Thursday, July 7, 2016
Toronto Councillor Mark Grimes Broke Bode of Conduct: Integrity Commissioner
Integrity Commissioner Valerie Jepson found that the Etobicoke-Lakeshore (Ward 6) councillor violated council’s code of conduct in two separate incidents involving developers — one in 2011 and another in 2014. While she says council should adopt her findings at its session next week, no formal penalty is recommended.
Jepson investigated a complaint lodged by a member of the public related to Grimes, in one instance, appearing in a promotional video for a developer and, in another separate case, lowering community benefit fees to the tune of $100,000 for another developer outside of regular city practices.
Jepson said that Grimes should not have appeared in the promotional video for developer Empire Communities to help promote a project on Lakeshore Blvd. in 2014. The video is one of a series which encourages people to buy condos and while Jepson rules Grimes did not stand to gain monetarily, it was an improper use of his influence as a councillor.
When a councillor supports a developer in this way it creates the perception he has a stake in the project’s interest, she said.
“This perception can be damaging to the trust and confidence that the public has in City Council’s decision-making processes as it relates to land use planning,” she said.
Grimes told Jepson when he appeared in the video his intention was to promote the ward, not the developer.
In the second instance, Grimes moved a motion at the July 22, 2011 city council meeting that lowered the community development fees paid by a developer, Davies Smith Developments, from $250,000 to $150,000. Grimes had negotiated a “verbal agreement” with the developer to cut $100,000 from the agreement in exchange for work on a nearby park.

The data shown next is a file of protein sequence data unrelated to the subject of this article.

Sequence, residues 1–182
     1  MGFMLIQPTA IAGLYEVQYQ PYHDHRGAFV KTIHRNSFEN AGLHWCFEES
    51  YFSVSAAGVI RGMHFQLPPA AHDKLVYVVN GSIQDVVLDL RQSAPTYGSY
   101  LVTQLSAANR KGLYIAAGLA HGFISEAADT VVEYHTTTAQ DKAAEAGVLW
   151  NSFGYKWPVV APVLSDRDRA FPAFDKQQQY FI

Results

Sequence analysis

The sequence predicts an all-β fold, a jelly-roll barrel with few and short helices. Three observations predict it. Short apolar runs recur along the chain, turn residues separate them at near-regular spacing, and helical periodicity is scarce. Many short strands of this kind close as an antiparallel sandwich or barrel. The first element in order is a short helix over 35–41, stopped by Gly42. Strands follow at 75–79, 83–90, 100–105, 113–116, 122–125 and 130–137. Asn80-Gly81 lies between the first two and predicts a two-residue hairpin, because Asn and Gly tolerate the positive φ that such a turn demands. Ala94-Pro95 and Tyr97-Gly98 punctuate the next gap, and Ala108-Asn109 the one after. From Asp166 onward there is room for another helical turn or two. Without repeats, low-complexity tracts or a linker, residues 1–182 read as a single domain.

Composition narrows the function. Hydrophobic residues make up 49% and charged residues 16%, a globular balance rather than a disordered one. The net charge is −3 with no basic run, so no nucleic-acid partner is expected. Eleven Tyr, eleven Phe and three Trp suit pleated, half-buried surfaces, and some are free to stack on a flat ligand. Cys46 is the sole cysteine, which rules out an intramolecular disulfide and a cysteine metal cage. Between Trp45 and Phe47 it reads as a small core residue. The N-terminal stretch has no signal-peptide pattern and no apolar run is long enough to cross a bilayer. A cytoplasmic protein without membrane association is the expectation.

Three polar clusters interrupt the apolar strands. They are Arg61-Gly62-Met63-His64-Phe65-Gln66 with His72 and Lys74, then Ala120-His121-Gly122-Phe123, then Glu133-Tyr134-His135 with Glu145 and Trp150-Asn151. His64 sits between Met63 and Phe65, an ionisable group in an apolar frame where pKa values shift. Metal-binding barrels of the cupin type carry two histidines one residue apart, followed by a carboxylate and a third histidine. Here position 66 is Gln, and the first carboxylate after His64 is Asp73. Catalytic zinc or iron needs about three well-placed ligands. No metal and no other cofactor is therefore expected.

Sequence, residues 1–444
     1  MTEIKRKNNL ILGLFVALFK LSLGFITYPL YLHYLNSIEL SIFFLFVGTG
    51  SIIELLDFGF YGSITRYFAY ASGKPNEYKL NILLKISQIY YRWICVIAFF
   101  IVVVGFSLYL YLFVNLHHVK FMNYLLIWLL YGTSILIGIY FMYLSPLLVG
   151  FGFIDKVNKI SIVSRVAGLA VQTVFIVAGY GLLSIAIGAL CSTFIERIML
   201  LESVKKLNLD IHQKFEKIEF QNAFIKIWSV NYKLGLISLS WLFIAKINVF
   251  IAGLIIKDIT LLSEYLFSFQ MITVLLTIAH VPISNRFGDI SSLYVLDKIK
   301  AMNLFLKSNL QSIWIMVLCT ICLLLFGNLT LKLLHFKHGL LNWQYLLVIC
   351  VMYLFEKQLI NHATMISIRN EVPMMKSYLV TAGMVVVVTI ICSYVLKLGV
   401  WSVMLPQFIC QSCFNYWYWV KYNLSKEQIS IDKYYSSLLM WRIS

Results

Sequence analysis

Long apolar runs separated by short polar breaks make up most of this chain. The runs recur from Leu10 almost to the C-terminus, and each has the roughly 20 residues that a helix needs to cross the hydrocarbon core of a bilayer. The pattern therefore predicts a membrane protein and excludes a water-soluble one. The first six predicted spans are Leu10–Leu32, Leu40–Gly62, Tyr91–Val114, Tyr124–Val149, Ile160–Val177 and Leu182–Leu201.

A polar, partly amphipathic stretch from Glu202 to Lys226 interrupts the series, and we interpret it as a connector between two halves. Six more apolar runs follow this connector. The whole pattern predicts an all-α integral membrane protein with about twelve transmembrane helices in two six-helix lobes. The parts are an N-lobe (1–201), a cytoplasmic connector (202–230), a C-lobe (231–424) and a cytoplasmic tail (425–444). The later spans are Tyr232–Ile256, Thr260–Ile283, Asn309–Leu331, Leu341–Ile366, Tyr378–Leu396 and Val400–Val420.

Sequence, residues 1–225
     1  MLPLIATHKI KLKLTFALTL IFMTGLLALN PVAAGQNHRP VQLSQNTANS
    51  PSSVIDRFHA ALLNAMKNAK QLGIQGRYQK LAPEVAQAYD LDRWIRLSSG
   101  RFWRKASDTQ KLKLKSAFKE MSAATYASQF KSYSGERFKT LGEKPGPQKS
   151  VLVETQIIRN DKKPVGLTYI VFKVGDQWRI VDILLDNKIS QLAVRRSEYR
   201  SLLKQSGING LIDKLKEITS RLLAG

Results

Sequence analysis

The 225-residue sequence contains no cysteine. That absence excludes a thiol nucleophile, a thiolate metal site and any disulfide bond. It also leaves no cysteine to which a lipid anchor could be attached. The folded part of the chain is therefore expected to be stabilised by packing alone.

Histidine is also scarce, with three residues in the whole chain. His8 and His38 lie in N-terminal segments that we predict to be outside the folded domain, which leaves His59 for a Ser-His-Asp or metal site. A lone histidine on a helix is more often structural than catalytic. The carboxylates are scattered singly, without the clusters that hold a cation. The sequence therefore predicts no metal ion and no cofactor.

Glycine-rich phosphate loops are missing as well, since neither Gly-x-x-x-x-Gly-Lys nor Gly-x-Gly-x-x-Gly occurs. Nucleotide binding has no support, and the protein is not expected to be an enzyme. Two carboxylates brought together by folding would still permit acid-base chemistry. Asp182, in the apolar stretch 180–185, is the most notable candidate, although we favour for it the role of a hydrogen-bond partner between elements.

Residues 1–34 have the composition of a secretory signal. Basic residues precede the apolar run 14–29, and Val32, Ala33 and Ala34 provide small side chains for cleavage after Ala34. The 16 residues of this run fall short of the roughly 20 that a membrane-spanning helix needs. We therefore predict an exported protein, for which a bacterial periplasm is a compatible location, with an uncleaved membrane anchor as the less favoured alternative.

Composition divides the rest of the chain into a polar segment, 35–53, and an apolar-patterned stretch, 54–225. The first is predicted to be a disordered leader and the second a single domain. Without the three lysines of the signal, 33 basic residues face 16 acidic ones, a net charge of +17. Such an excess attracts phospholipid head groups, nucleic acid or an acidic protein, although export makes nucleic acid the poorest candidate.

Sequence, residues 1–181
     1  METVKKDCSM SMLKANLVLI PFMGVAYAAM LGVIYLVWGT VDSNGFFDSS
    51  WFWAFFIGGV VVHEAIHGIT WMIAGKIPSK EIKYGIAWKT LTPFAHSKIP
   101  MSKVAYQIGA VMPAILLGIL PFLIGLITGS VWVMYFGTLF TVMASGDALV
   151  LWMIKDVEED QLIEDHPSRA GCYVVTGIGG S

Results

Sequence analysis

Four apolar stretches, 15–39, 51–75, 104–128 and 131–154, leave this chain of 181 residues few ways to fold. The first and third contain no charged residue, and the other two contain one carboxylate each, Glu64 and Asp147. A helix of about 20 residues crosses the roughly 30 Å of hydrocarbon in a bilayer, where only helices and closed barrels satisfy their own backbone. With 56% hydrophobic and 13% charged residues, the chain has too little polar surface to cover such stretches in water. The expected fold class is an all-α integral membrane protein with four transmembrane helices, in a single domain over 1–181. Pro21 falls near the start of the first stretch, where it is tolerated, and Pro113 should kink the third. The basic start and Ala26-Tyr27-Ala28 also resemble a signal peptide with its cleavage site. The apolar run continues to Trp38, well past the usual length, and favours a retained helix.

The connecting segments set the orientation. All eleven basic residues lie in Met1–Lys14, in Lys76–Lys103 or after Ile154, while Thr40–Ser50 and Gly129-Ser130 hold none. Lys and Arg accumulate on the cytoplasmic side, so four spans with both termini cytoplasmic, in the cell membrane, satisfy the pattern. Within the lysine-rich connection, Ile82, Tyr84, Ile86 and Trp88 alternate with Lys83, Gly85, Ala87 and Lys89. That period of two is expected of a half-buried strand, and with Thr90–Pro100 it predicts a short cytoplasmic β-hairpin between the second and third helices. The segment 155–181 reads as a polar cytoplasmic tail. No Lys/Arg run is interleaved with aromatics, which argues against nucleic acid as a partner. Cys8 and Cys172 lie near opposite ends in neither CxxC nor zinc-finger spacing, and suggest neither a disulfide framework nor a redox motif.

The complainant accused him of misleading council during the meeting by saying city staff was “OK” with the change. City staff testified during Jepsen’s probe that the matter was an issue for council to resolve, not something staff should weigh-in on.
“Councillor Grimes could have more accurately explained the context of the Motion; however, I find that he did not intentionally misrepresent staff’s position on the merits of the Motion,” Jepson writes, noting there is no evidence Grimes gained any private advantage.
But Jepson ruled that the way in which Grimes negotiated lowering the fees for the developer was outside of, and contrary to, the Community Benefits Policy, which is a violation of council’s code of conduct.
In both instances Grimes apologized for his conduct, she notes.
“The investigation has caused the Councillor to review his practices and to learn from this experience, all of which will cause him to approach these kinds of circumstances differently in the future,” Jepson said.
Request for comment from Grimes was not returned by press time on Thursday.
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